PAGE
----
‘We are not a vaccine’
The Irish medical profession is facing a crisis of confidence, with some doctors calling for more patients to be tested and a rethink of the whole approach to gene therapy.
The Irish Medical Association (IMA) has called for a re-think of the way gene therapy is being practiced and said it would take a major overhaul of how gene therapy treatments are assessed.
In a statement, the AMA called for more research to determine the safety and effectiveness of gene therapy and to be guided by scientific evidence.
In the past, the IMA has backed the use of gene therapies, with senior medical officer Dr Peter Mervyn calling them “a proven option for treating patients with rare and complex disease” in the latest edition of his journal The Lancet.
However, the majority of the AMA’s medical staff are against the idea of gene treatment.
This is a crisis, and we are not immune to this, said Dr Peter Egan, chairman of the IMO’s gene therapy advisory committee, who is also chair of the National Medical Association’s Gene Therapy Committee.
The AMA said it was calling for the reinstatement of the moratorium on gene therapy, which has been in place since 2007, to be extended until at least 2032.
In its statement, Dr Merven said: “While there is no evidence that gene therapy can be safely used in humans, there are a number of serious ethical concerns.
Dr Mervan said it is important to note that gene therapies are not new technology and that the AMA is in favour of further research into the use and safety of gene treatments.”
There are other treatments which have been successfully used for decades without any serious adverse events.”
Dr Mervan said it is important to note that gene therapies are not new technology and that the AMA is in favour of further research into the use and safety of gene treatments.
However he said: “[Gene therapy] is the most powerful treatment currently available, and is now available for some people with rare disease.”
Dr Egan said the moratorium could help to mitigate any ethical concerns, but said he would still oppose the treatment in certain circumstances.
The moratorium has been placed on gene therapies for several years, with several studies showing that it has been beneficial for patients.
However the moratorium was lifted in 2013, and it has only recently been reinstated.
However it is likely that the moratorium will be re-imposed again, with a new committee set up by the IMP to study the safety of the gene therapy treatment and assess its use.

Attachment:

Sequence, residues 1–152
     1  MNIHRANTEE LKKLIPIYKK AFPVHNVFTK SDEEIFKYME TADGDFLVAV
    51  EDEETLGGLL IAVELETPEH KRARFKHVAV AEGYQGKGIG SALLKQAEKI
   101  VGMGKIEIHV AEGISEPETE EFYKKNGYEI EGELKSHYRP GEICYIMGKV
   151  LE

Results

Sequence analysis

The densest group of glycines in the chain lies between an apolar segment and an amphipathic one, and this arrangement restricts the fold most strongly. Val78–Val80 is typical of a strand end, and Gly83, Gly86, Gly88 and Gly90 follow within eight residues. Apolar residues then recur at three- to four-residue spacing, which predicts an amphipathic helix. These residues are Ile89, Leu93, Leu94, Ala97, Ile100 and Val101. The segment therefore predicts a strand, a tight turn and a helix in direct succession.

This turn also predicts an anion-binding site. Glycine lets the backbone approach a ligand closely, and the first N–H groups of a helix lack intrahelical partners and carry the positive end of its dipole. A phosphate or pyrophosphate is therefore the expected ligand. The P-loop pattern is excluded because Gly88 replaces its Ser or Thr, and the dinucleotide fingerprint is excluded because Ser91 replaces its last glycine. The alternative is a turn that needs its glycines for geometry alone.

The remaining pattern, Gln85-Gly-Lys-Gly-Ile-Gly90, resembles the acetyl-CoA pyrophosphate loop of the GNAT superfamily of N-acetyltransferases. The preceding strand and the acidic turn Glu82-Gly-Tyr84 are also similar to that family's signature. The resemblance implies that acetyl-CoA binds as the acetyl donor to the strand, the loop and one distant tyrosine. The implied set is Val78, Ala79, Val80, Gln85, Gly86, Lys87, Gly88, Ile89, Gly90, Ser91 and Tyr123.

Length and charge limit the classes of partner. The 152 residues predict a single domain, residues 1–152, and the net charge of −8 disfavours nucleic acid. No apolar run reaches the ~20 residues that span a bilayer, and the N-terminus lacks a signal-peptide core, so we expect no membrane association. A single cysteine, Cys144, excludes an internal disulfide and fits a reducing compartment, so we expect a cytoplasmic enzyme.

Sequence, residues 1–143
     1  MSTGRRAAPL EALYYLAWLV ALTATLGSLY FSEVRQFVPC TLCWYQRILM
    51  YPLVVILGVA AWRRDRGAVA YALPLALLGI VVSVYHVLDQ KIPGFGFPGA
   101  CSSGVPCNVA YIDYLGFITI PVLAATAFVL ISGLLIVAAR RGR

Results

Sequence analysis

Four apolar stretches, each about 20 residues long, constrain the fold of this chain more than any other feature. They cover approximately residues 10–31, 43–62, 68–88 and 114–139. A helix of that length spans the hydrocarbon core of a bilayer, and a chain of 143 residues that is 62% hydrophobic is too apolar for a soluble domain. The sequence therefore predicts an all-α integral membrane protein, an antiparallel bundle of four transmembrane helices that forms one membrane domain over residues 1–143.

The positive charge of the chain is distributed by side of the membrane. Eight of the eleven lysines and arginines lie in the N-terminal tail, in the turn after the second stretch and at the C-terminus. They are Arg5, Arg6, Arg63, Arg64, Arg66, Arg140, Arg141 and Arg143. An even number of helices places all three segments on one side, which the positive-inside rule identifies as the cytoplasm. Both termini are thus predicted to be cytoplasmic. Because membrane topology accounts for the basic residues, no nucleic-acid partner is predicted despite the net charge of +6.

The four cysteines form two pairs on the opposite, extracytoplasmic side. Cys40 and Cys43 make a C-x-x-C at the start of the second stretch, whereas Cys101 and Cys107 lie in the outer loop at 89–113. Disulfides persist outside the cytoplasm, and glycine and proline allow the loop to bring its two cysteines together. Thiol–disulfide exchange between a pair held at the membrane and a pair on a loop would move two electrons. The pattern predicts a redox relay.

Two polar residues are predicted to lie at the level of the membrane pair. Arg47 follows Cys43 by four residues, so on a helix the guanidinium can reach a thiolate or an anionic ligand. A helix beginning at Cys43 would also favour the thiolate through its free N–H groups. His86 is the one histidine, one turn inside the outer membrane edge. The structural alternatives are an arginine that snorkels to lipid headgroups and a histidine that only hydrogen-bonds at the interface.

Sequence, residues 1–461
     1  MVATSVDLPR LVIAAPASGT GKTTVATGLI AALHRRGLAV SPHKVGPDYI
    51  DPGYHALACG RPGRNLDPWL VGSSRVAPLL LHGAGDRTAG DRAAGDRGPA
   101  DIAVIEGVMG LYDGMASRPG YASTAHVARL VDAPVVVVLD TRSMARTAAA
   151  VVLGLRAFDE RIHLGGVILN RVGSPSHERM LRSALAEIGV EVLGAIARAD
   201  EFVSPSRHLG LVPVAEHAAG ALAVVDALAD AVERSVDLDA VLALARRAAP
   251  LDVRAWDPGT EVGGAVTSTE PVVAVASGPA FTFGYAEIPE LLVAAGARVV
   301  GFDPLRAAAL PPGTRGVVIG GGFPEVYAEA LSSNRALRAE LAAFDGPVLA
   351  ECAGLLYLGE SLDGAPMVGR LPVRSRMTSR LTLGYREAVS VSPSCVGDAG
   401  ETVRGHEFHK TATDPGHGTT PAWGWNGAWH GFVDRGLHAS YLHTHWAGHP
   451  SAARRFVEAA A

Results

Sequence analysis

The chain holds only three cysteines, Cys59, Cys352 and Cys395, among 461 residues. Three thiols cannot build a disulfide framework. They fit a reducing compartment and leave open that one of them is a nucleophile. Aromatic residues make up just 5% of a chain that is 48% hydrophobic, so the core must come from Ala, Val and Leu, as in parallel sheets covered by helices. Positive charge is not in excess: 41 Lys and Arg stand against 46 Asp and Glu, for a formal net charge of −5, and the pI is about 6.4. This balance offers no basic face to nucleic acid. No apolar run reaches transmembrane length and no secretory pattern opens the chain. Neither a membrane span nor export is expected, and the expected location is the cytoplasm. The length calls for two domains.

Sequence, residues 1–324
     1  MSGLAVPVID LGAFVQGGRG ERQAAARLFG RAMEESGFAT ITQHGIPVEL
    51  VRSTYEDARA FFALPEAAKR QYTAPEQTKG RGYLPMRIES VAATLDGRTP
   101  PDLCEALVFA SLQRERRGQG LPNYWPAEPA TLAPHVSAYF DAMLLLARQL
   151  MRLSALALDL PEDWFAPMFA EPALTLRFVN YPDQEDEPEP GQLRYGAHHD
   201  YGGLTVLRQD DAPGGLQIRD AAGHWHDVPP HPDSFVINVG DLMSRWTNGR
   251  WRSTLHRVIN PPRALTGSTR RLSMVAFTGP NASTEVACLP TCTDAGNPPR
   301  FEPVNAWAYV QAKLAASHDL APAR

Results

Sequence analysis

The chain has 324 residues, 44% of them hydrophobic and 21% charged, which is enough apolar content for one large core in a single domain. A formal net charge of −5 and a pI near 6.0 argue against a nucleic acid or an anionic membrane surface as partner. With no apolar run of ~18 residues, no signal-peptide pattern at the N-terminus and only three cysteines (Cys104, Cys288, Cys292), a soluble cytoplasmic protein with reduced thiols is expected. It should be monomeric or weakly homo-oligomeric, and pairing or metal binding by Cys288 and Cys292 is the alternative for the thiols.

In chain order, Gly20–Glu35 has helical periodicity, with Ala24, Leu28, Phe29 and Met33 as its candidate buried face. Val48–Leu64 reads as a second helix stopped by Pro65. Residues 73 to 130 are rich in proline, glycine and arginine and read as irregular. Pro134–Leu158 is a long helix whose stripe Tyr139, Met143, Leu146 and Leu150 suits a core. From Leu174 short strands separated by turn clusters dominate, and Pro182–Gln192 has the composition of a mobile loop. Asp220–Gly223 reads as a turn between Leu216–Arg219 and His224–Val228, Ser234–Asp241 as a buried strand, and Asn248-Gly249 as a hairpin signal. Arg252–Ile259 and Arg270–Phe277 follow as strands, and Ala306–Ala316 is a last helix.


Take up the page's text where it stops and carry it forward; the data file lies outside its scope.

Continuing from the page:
The IMP said it wanted to make sure that the use, and safety, of gene-based therapies is thoroughly investigated.
It said it will also consider the possible need for a new regulatory framework for gene therapy in Ireland.
However Dr Mavon MacKenzie, chair of genetics at the University of Liverpool, said the new committee should have a clear agenda and focus on the use case for gene-free therapy, rather than focusing on the risk of gene editing.
He said: The moratorium is a great opportunity to re-examine some of the issues which have arisen from the moratorium.
“Gene-free treatments are very safe and it is very likely that gene-editing is the next big thing.
We should look at all the other potential uses, not just gene-therapy, and look at how it might be used safely.”
Dr MacKinnon said the current moratorium had been “incredibly detrimental” to the future of gene medicine and would have an “adverse effect” on research.
“Gene-based therapy is a safe and effective therapy, and many other research programmes have already used gene-techs to treat people with disease,” he said.
“However the ban on gene-mediated therapy has made the use in people with a variety of diseases a big taboo.”
It is the very existence of the ban that has prevented gene therapy being used in other ways, such as gene therapy for rare disease or gene therapy to treat rare disease.
“We need to reexamine this ban and make sure we are using gene therapy responsibly and that it is safe and reliable for people with certain diseases.”
Dr Kavanagh said the IMPA had a “moral duty” to provide the best care for patients, and said the committee should not be made up of individuals from different fields.
This is about patients and their care and that’s the role of the committee.”